Haverhill, Suffolk

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Haverhill
Market Hill and parish church, Haverhill, Suffolk - geograph.org.uk - 63259.jpg
Market Hill and parish church, Haverhill
Haverhill is located in Suffolk
Haverhill
Haverhill
 Haverhill shown within Suffolk
Population 27,041 (2011 Census)
OS grid reference TL671456
   – London  47 miles (76 km) 
District St Edmundsbury
Shire county Suffolk
Region East
Country England
Sovereign state United Kingdom
Post town HAVERHILL
Postcode district CB9
Dialling code 01440
Police Suffolk
Fire Suffolk
Ambulance East of England
EU Parliament East of England
UK Parliament West Suffolk
List of places
UK
England
Suffolk

Coordinates: 52°05′N 0°26′E / 52.08°N 0.44°E / 52.08; 0.44

Haverhill (pronounced /ˈhvəhɪl/ or /ˈhvrɪl/) is a market town and civil parish in the county of Suffolk, England, next to the borders of Essex and Cambridgeshire. It lies 14 miles (23 km) southeast of Cambridge and 47 miles (76 km) north-east of central London. Haverhill is the second largest town in the Borough of St Edmundsbury and has a population of 27,041

Geography[edit]

The town centre lies at the base of a gentle dip in the chalk hills of the Newmarket Ridge; running through the town is the Stour Brook, which goes on to join the River Stour just outside the town. Rapid expansion of the town over the last two decades means that the western edge of Haverhill now includes the hamlet of Hanchet End. The surrounding countryside largely consists of arable land.

History[edit]

Anne of Cleve's house

Haverhill dates back to at least Saxon times,[citation needed] and the town's market is recorded in the Domesday book (1086). Whilst most of its historical buildings were lost to the great fire on 14 June 1667,[citation needed] one notable Tudor-era house remains (reportedly given to Anne of Cleves as part of her divorce from Henry VIII and thus titled Anne of Cleves House) as well as many interesting Victorian buildings.

Following a planning review in 1956, Haverhill was targeted for expansion.[1] This was primarily to resettle communities from London which had been devastated during World War II. As part of this plan, new housing settlements and new factories were built. A later review in 1962 planned for a threefold increase in population from the then population of 5,446.[2]

This influx of people changed many aspects of life in Haverhill. One noticeable change is that the local Suffolk accent (still spoken by the town's older residents) has largely been replaced by a London/South-east England accent characterised as Estuary English.[citation needed] The expansion was not without friction. Residents who moved to the newly developed areas complained about the housing density and lack of amenities in a 1968 Man Alive documentary.[3]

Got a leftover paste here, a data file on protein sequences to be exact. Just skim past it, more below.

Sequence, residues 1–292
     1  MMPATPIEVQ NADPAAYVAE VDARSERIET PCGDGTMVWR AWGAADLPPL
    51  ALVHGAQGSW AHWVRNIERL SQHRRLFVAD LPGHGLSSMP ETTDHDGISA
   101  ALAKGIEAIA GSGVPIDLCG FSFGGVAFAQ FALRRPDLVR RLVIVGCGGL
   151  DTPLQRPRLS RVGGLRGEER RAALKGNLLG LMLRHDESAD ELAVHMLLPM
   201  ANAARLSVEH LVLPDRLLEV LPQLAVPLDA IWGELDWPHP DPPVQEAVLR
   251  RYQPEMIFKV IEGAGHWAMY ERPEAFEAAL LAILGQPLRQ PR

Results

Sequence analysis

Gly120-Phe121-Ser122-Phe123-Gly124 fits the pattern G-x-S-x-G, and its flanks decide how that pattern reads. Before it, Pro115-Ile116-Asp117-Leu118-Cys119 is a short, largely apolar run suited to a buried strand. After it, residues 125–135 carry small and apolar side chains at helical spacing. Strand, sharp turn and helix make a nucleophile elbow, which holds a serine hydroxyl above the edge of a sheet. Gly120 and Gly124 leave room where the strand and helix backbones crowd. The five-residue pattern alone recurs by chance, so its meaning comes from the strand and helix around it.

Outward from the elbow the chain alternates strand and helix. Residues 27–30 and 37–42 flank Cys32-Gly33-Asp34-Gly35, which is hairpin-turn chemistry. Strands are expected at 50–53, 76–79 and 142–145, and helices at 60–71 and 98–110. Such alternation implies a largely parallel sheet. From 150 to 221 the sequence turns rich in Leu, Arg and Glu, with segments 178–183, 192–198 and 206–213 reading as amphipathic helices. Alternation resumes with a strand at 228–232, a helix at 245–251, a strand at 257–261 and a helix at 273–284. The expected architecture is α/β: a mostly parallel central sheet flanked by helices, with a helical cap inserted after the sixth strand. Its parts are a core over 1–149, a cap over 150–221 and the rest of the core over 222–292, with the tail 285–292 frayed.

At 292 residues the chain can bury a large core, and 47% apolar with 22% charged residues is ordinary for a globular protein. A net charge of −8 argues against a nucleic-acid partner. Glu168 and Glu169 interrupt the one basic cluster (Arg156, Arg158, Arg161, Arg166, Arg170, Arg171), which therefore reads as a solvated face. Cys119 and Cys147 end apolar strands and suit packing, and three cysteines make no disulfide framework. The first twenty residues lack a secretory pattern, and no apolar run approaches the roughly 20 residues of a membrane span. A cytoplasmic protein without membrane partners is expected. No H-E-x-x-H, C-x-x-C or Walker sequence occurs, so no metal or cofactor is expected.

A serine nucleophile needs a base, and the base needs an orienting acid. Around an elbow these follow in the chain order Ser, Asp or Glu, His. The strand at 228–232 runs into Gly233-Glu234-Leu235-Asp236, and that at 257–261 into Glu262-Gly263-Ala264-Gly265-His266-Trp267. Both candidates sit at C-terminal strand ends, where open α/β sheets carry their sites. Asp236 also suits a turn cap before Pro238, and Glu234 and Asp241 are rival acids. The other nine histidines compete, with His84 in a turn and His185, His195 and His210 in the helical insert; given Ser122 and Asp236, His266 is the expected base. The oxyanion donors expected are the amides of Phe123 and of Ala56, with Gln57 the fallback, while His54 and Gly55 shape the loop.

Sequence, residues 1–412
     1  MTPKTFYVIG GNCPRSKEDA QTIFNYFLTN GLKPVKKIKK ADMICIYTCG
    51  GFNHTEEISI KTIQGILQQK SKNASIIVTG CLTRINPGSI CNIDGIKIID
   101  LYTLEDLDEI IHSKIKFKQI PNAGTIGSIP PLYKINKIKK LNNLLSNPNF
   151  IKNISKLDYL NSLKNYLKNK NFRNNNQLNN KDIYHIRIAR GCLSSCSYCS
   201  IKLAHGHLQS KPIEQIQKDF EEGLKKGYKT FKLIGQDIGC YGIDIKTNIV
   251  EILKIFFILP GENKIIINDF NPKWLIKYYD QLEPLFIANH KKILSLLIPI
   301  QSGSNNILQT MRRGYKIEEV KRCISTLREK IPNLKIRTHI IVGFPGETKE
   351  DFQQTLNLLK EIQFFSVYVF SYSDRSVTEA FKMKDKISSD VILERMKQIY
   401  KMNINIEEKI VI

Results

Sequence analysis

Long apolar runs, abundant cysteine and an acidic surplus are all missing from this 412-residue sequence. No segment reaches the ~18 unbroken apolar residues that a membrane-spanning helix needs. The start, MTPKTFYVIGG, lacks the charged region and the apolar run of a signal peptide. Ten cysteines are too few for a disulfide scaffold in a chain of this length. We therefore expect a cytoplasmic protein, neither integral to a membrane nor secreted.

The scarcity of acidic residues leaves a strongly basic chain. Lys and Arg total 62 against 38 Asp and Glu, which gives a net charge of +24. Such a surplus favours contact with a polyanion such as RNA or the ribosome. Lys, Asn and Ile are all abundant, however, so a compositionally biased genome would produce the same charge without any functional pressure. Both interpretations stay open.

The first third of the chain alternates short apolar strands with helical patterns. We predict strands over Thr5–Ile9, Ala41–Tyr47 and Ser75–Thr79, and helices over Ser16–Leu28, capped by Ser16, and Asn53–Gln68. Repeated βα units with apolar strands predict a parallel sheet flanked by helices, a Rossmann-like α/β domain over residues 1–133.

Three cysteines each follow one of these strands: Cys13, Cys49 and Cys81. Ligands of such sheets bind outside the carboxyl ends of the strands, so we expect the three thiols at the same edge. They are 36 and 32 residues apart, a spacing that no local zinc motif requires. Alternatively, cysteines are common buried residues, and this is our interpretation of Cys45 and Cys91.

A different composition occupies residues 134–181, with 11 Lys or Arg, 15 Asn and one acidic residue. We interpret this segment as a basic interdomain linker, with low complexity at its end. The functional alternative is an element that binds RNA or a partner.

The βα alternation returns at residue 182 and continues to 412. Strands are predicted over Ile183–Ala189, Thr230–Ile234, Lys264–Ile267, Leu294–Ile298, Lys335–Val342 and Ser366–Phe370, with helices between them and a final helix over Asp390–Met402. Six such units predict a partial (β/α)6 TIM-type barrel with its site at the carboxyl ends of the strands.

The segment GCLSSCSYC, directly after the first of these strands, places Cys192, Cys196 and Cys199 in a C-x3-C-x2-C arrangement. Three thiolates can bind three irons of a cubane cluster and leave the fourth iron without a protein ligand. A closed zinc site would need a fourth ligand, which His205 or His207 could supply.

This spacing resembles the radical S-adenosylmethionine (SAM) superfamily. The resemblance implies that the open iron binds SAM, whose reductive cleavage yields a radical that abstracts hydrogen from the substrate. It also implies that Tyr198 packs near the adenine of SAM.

Nowadays, Haverhill is predominantly a modern and young town, the relatively small town centre is surrounded by many large housing developments, completed at various periods between the 1950s and the present. Recently, it has seen the growth of small, but noticeable Portuguese and Polish communities[citation needed]

Economy[edit]

Haverhill's economy is dominated by industry, and a large industrial area on the southern side of the town is home to a large number of manufacturing companies such as Wisdom toothbrushes, Gurteen clothing and VION Foods (in Little Wratting near Haverhill), although, in 2009, Wisdom was in the process of closing down its manufacturing operations at the Haverhill factory and VION was undergoing a restructure that would see the abattoir close and the plant specialising in cooked meats. Other companies deal in chemicals (such as International Flavors and Fragrances), waste processing, transport and construction. In 1982, the international biotechnology firm Genzyme opened a site in Haverhill for manufacturing pharmaceuticals.

In the past couple of years, a new business park has undergone development on the industrial estate, alongside the bypass. This has seen new businesses move into the town such as Percy Dalton's, Stagecoach Group, Day's Inn and Culina Logistics. In the town centre, new developments have seen a Cineworld cinema and food outlets Frankie & Benny's, Prezzo, Subway and KFC all open in the later part of 2008. Tesco also opened a new supermarket on the land of the old railway station, just off the town centre in the Autumn 2009.